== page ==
'The phrase 'minister of religion' as used in the Act is to be interpreted according to the intention of the Congress, and not by the meaning attached to it by the members of any particular group. * * * The statutory exemption must be applied in consonance with the clearly apparent purpose of the Congress, and not in response to the interpretation placed upon it by particular religious groups or their adherents.'


And in Lemien v. United States, 5 Cir., 158 F.2d 550, 552, the court stated:


'Under the scheme of the selective service law, as construed by the Supreme Court, the claim for exemption is decided first by an administrative board of local citizens who are familiar with the common acceptation of ordinary words; and upon judicial review in a criminal prosecution the issues of fact are submitted to a jury who are also presumed to know the meaning of words in common use * * * . This interpretation avoids a metaphysical discussion, and puts the decision * * * upon a practical basis.'


To the same effect see Martin v. United States, 4 Cir., 190 F.2d 775, 777.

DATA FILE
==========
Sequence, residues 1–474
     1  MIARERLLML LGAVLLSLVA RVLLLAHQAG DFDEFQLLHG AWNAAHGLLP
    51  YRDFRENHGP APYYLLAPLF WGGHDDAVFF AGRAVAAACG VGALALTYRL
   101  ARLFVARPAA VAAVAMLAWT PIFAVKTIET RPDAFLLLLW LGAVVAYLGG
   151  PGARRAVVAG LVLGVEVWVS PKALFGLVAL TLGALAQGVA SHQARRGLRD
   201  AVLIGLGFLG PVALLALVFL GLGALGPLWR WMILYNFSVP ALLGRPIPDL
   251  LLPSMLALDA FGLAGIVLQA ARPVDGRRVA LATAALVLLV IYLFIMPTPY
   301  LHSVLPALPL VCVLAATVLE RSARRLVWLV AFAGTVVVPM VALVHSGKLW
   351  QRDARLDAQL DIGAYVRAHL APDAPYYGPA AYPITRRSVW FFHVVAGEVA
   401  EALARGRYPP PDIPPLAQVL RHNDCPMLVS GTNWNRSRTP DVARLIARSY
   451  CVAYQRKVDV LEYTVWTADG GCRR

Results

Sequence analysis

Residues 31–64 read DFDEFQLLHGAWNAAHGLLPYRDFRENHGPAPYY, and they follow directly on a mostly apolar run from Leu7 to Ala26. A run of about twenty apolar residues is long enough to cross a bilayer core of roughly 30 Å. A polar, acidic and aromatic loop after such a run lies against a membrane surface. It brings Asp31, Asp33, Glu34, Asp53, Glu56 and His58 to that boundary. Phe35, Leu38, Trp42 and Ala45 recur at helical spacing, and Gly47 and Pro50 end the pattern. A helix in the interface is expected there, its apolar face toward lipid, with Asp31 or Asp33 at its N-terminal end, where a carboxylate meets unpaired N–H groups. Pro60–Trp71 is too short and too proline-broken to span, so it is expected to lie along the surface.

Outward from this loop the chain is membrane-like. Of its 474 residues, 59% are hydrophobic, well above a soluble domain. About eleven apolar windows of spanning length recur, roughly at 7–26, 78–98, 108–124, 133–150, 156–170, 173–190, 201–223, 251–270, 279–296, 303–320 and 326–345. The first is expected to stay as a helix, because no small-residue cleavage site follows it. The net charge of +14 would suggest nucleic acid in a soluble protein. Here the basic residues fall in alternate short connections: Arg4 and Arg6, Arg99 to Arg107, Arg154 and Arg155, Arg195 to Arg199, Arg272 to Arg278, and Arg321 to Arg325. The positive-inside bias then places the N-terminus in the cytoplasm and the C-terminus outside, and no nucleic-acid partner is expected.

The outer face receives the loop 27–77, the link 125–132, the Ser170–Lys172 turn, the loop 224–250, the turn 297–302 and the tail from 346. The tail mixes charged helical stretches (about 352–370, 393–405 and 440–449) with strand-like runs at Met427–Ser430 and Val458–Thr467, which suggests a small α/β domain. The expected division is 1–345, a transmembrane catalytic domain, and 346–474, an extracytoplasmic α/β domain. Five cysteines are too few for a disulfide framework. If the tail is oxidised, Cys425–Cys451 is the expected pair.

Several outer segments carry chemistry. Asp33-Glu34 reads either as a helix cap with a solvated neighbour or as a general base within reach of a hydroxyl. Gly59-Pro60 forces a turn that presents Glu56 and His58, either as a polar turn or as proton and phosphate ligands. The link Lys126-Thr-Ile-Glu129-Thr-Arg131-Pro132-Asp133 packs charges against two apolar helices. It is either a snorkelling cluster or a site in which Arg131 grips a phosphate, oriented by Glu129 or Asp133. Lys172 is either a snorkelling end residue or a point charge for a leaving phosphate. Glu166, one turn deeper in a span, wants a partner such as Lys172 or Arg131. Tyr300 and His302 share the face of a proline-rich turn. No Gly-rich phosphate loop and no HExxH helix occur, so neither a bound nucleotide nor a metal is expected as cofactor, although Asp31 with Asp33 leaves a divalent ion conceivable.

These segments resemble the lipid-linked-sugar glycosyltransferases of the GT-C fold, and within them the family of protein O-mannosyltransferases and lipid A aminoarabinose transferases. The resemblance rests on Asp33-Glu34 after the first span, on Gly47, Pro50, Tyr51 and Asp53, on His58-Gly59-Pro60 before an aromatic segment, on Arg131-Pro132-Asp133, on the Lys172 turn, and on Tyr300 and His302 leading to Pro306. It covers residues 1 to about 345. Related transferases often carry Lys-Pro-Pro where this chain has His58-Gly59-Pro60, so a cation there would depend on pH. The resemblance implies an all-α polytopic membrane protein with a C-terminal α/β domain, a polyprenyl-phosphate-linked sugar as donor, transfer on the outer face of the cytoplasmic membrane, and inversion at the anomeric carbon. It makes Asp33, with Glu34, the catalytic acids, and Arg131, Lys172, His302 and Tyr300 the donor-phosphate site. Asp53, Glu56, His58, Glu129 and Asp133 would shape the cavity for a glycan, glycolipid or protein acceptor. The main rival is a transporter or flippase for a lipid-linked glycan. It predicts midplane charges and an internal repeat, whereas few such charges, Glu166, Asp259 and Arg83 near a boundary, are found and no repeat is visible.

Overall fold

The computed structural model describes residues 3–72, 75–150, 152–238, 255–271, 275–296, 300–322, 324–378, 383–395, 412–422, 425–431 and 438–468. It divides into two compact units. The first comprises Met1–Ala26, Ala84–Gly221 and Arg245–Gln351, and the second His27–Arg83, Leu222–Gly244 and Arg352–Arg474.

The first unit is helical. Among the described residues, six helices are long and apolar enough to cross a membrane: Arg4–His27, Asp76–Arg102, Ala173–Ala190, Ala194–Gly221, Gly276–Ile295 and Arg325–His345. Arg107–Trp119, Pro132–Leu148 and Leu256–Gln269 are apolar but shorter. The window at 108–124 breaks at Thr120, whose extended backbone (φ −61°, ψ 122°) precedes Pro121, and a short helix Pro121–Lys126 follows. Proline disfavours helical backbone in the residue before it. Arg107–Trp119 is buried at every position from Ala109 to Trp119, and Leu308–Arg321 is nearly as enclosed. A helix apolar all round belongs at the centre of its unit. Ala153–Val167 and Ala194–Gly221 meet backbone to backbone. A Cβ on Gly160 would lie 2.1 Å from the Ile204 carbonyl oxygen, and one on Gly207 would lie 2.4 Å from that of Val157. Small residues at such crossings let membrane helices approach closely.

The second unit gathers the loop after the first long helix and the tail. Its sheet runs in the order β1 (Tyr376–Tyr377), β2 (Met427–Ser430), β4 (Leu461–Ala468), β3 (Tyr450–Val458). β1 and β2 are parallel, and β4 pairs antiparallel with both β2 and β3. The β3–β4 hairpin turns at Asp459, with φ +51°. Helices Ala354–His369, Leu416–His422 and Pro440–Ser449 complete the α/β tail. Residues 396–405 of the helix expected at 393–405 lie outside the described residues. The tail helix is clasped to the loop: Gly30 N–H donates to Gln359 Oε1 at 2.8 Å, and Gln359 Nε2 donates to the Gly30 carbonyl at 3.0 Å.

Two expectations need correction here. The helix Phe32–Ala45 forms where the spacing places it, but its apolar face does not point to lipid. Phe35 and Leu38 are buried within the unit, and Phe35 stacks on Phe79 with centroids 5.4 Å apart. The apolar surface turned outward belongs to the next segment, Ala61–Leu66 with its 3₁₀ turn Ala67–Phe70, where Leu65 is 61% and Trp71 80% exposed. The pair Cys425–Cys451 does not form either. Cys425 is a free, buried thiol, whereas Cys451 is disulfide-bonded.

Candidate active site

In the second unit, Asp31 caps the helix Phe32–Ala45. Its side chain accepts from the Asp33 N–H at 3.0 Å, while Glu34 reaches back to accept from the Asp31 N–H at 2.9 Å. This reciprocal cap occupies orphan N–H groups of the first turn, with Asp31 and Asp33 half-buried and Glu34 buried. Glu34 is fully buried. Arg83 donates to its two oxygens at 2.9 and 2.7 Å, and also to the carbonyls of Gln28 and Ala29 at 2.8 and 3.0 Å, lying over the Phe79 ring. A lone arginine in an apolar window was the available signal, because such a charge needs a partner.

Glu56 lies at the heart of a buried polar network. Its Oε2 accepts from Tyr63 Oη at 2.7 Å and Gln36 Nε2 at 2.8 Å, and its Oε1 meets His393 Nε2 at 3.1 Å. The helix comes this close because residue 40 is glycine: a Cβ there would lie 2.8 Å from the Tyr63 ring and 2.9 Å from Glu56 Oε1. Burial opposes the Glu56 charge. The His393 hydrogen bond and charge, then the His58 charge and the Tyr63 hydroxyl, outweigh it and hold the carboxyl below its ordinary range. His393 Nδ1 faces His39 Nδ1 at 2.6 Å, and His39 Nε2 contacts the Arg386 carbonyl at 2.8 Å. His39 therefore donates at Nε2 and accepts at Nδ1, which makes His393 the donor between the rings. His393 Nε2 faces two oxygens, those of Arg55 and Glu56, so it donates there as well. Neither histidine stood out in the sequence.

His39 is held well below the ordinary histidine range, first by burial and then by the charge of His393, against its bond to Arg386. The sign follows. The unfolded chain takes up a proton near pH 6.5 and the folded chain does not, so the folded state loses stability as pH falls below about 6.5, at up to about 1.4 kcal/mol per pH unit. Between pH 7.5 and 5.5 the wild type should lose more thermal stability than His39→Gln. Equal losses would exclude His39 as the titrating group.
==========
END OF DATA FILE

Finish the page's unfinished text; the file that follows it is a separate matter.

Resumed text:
The ordinary meaning of pursuing a full time course in preparation for the ministry calls for much more than class attendance for two hours, one night each week. If the same facts which were presented to the Board by the letter and testimony of the defendant concerning his status as a student">student preparing for the ministry had been presented to the Board at the time the Board was first considering the defendant's classification, there would have been ample basis for the Board to refuse him exemption from military service and to classify him as 1-A.


When these same facts were presented to the Board only to show a change of status which would entitle the defendant to a different classification, the question of reopening the classification was a question for the discretion of the Board. Where, as here, the evidence so clearly shows that the defendant was not entitled to the classification for which he was asking, we certainly cannot say that the Board abused its discretion in refusing to reopen the defendant's classification. Smith v. United States, 4 Cir., 157 F.2d 176, 181.


The judgment of the District Court is Affirmed.